The Java programming language uses both "fields" and "variables" as part of its terminology. Instance variables (non-static fields) are unique to each instance of a class. Class variables (static fields) are fields declared with the
static modifier; there is exactly one copy of a class variable, regardless of how many times the class has been instantiated. Local variables store temporary state inside a method. Parameters are variables that provide extra information to a method; both local variables and parameters are always classified as "variables" (not "fields"). When naming your fields or variables, there are rules and conventions that you should (or must) follow.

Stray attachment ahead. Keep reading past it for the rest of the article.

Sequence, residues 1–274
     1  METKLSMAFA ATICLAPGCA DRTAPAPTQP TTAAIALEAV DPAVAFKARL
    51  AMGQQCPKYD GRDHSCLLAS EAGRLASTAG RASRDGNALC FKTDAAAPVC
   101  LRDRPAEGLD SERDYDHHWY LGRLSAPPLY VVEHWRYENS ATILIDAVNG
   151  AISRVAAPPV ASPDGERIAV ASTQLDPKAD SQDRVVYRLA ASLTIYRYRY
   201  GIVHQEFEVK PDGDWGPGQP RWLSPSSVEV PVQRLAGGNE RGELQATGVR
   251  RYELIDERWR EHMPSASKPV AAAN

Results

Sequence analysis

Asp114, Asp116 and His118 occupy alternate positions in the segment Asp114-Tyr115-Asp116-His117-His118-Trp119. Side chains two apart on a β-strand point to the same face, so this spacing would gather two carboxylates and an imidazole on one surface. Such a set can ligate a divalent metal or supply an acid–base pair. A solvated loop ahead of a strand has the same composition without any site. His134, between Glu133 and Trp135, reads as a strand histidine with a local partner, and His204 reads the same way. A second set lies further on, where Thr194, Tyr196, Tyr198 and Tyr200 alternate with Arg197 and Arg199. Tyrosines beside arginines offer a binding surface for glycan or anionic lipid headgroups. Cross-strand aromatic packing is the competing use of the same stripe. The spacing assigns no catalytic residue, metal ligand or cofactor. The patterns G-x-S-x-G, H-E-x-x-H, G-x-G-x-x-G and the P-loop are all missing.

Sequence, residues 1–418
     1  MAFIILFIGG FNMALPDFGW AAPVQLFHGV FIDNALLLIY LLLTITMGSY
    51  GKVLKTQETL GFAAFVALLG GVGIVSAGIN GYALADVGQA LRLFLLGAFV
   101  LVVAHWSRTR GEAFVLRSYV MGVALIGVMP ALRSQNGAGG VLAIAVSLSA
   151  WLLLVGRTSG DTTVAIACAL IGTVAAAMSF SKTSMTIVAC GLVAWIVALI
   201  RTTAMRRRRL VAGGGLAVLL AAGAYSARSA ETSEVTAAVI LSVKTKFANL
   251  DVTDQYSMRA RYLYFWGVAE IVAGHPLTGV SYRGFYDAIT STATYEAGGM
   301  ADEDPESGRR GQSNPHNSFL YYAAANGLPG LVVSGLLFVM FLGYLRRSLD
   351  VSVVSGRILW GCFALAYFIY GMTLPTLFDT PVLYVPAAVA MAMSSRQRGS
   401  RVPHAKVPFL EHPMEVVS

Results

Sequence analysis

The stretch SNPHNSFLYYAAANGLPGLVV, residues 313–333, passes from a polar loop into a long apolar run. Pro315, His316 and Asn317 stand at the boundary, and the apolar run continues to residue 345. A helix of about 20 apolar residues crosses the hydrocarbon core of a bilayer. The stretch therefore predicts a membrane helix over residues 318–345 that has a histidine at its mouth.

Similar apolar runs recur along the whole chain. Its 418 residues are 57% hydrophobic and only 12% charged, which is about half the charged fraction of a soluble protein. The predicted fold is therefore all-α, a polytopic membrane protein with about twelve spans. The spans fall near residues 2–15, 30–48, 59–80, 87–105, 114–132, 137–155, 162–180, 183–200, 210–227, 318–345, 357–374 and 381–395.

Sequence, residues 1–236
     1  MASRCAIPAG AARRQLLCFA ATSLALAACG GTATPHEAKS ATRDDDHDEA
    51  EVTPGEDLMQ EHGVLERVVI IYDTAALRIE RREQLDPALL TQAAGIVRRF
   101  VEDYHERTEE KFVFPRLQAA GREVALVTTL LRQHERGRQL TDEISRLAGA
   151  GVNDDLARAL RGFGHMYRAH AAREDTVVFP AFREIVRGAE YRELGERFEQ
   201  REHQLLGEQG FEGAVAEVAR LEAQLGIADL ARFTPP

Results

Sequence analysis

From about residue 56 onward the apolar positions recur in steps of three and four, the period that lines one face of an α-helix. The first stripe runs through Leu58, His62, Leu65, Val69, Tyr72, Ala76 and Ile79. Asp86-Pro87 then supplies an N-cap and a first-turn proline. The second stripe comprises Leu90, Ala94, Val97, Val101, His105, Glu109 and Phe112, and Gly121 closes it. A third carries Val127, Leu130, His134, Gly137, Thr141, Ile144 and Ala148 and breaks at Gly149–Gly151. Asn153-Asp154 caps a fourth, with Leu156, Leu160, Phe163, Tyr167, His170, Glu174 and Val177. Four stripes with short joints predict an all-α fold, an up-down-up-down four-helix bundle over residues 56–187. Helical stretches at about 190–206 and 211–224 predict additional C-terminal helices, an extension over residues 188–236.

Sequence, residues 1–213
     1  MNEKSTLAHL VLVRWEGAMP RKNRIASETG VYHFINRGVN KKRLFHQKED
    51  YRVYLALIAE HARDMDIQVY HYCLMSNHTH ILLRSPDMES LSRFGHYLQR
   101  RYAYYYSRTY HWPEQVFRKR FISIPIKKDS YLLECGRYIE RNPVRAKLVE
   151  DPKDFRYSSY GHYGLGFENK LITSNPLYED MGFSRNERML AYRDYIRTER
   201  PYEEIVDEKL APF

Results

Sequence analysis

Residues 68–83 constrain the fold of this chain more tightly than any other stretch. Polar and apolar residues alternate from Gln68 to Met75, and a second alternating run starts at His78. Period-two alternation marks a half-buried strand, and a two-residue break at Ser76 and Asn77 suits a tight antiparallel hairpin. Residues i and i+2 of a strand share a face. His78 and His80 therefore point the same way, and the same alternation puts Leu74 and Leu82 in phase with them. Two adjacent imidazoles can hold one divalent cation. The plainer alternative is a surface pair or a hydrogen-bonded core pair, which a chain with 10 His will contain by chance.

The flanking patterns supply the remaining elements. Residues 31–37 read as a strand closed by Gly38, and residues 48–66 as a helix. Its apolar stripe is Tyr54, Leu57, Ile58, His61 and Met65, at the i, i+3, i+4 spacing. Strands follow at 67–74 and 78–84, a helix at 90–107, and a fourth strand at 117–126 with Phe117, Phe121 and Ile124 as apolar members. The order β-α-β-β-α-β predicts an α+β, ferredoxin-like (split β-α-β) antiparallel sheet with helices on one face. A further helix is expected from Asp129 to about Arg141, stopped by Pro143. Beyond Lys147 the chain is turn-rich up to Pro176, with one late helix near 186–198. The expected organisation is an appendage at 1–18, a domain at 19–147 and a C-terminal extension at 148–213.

The eight primitive data types are: byte, short, int, long, float, double, boolean, and char. The
java.lang.String class represents character strings. The compiler will assign a reasonable default value for fields of the above types; for local variables, a default value is never assigned. A literal is the source code representation of a fixed value. An array is a container object that holds a fixed number of values of a single type. The length of an array is established when the array is created. After creation, its length is fixed.